Nancy Pelosi likes to brag that she's "drained the swamp" when it comes to corruption in the House, but ethics problems could come back to haunt Democrats in 2010. Democrats are currently the subject of 12 of the 16 complaints pending before the House ethics committee. Two of the lawmakers under scrutiny—Reps. Jack Murtha and Charlie Rangel—have close ties to Pelosi, who has come under criticism for not asking them to resign their committee posts. Murtha, chairman of a key defense-appropriations subcommittee, is is not formally under investigation but the ethics committee is reviewing political contributions he and other House lawmakers received from lobbying firm whose clients received millions of dollars in Defense earmarks. Rangel, chairman of the Ways and Means Committee, is facing scrutiny for not fully disclosing assets. The ethics committee is also looking into ties between Rangel and a developer who leased rent-controlled apartments to the congressman, and whether Rangel improperly used his House office to raise funds for a public policy institute in his name. Rangel and Murtha deny any wrongdoing. (Another lawmaker under investigation: Rep. Jesse Jackson Jr., who, according to the committee, "may have offered to raise funds" for then–Illinois governor Rod Blagojevich in exchange for the president's Senate seat—a charge Jackson denies. The panel deferred its probe at the request of the Justice Department, which is conducting its own inquiry.)
Pelosi has said little about Rangel's ethics problems, or those involving other Democrats; a Pelosi spokesman, Brendan Daly, e-mails NEWSWEEK, "The speaker has said that [Rangel] should not step aside while the independent, bipartisan ethics committee is investigating."
But watchdog groups, not to mention Republicans, are calling Pelosi hypocritical since Democrats won back control of the House by, in part, trashing the GOP's ethics lapses. Republicans already plan to use the ethics issue against Democrats in 2010. Though Rangel and Murtha aren't as known as Tom DeLay, the GOP poster boy for scandal in 2006, the party aims to change that: this week the House GOP plans to introduce a resolution calling on Rangel to resign his committee post. Pelosi "promised to run the most ethical Congress in history," says Ken Spain, a spokesman for the National Republican Congressional Committee, "and instead of cracking down on corruption, she promotes it." Daly responds, "Since Democrats took control of Congress, we have strengthened the ethics process."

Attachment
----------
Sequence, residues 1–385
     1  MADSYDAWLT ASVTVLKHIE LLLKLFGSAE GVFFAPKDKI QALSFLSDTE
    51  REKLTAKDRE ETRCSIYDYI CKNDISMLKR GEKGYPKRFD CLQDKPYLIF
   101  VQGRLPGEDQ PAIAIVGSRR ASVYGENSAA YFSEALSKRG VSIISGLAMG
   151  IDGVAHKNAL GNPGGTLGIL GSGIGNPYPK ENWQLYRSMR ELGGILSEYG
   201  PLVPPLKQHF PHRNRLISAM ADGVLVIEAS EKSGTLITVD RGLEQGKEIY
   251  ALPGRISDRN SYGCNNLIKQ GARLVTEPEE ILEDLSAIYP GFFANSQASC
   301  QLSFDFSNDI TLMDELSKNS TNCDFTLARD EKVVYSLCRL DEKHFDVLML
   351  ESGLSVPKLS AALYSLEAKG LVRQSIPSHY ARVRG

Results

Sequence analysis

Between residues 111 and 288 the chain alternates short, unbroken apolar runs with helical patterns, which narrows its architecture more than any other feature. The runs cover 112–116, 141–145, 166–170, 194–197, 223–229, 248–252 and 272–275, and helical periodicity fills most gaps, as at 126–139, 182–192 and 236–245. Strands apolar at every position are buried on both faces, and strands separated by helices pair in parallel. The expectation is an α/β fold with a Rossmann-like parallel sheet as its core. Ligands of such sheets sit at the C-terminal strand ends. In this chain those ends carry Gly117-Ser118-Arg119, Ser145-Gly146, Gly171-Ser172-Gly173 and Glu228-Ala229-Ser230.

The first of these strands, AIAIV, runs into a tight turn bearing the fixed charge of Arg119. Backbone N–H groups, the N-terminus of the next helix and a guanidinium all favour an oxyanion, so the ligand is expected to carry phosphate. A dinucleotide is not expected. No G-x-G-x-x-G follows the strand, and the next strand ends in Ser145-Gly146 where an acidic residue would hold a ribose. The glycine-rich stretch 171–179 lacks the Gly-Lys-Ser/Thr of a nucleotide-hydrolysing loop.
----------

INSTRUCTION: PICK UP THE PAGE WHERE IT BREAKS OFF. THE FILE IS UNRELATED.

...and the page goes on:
My take is that, YES! Democrats in Congress are hypocrites. Charlie Rangel "forgets" to report almost $1,000,000.00 in income. Jack Murtha's family have become very wealthy from earmarks that he appropriated. William Jefferson has convicted of taking bribes, yet the Democratic party refused to discipline him. We have three cabinet Secretaries who "forgot" to pay income taxes, as well as one nominee who withdrew his name for the same reason. This is just the tip of the iceberg.
Earmarks in Congress have more than doubled in the past two years. Under Pelosi, more than 9,000 in the last major appropriations bill. These were all inserted AFTER the bill had been past by Congress and during the period where Senate and House bills are reconciled. This is a huge problem. From the Sunlight Foundation, a non-profit organization devoted to exposing wasteful spending in Congress:
There were over 1,800 earmarks in the 109th Labor HHS Bill, and we wanted to know where they came from. A variety of people helped figure it out, by researching and posting in the comment section on this blog post.